It sounds like you may have been buzzed. Either way, I'd consider it a gift. Now that hike will be more memorable. Plus you have an opportunity to learn more about lightning and think about how to prevent additional calls to SAR. You also probably lost a hiking partner and maybe a relationship that you may decide you don't value. On the other hand, if she keeps hiking with you or even seeing you after that she may be a keeper.

I guess my imigination is starting to run a bit with the details provided. The story is a little unclear. Why lay down? Who called SAR? Will she panic again if things get hairy or just be more likely to avoid similar scenarios? Do you have some making up to do with her? :P
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Re: Lightening

Postby xDoogiex » Wed Aug 27, 2014 9:12 pm

SeanReedy wrote:
xDoogiex wrote:Ive been told I've been struck or at least buzzed by lightning yesterday, but wanted to here what other people had to say. I brought my gf up the kelso ridge on Torreys peak. I could handle it fine but she struggled and we went slow. She had a couple panic attacks and she wouldn't make it back down and rescue told us to finish it. We got to the knife edge at 14,000ft. I was looking for an easy way to the knife edge and the static sound from the rocks became super loud. I scrambled up a rock to find safety and I felt burning on my shoulder blade. It was maybe an inch or so wide. I was like wtf scratched at it and went down and it went away and made her lay down and laid on too of her. Then we were in a snow thunderstorm. Not sure what that burning was. I didn't notice a mark but I have some in the area and not sure if one was it or just scratches.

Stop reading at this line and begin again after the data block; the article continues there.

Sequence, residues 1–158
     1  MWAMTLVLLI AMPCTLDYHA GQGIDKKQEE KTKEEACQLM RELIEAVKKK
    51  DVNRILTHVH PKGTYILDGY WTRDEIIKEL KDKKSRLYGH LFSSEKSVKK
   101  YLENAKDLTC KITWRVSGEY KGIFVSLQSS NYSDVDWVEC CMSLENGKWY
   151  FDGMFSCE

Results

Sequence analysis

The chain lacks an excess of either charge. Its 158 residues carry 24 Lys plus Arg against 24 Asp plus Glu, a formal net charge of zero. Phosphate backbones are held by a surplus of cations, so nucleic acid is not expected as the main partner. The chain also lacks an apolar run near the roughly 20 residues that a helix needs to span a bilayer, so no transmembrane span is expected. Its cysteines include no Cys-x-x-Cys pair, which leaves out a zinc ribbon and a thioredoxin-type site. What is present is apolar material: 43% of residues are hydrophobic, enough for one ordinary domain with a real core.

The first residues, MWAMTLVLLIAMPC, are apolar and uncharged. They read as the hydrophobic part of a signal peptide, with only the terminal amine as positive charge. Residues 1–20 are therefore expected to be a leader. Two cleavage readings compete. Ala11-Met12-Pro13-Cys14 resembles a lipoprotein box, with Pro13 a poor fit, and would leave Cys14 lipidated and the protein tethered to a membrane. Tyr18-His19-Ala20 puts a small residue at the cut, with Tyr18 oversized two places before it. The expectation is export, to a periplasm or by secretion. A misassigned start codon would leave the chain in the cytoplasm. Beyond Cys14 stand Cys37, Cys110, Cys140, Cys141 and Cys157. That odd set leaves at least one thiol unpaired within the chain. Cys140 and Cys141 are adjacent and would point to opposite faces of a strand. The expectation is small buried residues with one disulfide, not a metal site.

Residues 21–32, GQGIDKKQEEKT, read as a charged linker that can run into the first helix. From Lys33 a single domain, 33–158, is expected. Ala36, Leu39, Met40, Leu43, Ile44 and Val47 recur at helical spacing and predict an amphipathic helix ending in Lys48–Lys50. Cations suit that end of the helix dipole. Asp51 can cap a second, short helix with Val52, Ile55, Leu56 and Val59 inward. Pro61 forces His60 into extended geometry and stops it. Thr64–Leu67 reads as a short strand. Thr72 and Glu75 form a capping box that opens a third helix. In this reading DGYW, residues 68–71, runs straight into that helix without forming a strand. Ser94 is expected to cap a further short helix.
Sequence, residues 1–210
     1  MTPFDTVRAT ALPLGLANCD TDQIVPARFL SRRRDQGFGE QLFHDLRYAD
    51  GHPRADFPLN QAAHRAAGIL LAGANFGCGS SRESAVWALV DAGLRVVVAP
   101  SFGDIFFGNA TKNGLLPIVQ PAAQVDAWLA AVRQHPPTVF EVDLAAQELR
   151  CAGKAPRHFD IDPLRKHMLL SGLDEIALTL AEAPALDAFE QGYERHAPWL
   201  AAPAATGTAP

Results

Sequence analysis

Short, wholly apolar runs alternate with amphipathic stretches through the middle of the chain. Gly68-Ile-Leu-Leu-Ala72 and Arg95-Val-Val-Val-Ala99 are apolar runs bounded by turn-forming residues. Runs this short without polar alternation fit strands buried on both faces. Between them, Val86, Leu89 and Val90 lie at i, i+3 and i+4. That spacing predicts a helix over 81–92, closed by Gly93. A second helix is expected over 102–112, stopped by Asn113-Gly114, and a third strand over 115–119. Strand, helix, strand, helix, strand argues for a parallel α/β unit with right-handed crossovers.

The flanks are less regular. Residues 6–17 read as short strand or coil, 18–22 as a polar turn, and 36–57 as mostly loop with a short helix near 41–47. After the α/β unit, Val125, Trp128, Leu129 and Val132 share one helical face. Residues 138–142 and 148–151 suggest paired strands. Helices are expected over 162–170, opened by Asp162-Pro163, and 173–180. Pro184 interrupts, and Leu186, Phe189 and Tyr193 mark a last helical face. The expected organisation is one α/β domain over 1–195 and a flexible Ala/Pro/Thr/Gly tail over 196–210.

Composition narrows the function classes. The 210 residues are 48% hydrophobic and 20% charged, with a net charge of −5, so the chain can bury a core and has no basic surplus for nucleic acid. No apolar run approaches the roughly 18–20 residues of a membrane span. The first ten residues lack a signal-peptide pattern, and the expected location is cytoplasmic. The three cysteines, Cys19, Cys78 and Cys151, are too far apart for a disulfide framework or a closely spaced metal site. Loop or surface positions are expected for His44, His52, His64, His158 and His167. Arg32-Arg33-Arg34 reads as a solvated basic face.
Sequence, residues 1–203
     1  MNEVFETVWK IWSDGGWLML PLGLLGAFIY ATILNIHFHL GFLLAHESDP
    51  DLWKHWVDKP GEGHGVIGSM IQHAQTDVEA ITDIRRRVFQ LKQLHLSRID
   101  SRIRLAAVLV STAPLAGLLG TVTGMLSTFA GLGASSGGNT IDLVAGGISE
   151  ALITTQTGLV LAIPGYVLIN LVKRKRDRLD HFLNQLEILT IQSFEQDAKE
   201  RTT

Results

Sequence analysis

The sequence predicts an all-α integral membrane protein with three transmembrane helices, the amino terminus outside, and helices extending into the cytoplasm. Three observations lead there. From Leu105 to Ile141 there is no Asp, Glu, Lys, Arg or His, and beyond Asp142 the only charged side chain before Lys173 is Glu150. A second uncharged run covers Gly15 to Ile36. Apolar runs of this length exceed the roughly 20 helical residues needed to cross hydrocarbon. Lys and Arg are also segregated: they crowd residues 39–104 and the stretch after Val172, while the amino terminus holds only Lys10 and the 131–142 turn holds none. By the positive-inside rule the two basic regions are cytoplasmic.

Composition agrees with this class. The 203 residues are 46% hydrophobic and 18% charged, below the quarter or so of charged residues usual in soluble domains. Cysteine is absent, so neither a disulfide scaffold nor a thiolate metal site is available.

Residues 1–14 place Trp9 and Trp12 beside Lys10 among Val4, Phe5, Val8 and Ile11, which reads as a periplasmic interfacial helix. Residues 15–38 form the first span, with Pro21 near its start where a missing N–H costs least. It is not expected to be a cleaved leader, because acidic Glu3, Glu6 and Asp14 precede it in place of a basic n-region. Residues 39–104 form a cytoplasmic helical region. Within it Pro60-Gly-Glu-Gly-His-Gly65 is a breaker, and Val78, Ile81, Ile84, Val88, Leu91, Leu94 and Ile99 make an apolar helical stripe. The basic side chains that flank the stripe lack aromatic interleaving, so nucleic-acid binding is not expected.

It sounds like you may have been buzzed. Either way, I'd consider it a gift. Now that hike will be more memorable. Plus you have an opportunity to learn more about lightning and think about how to prevent additional calls to SAR. You also probably lost a hiking partner and maybe a relationship that you may decide you don't value. On the other hand, if she keeps hiking with you or even seeing you after that she may be a keeper.

I guess my imigination is starting to run a bit with the details provided. The story is a little unclear. Why lay down? Who called SAR? Will she panic again if things get hairy or just be more likely to avoid similar scenarios? Do you have some making up to do with her? :P



We layed down to stay lower then the rocks. She had panic attacks. She is afraid of heights and I thought it was going to be a lot easier for her. I'm afraid and had no problems. Now I know not to bring her on anything like that for a long time. I hope she doesn't hate me. She means a lot to me :(. Don't worry trip report probably this week.
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Re: Lightening

Postby WyomingSummits » Thu Aug 28, 2014 12:17 am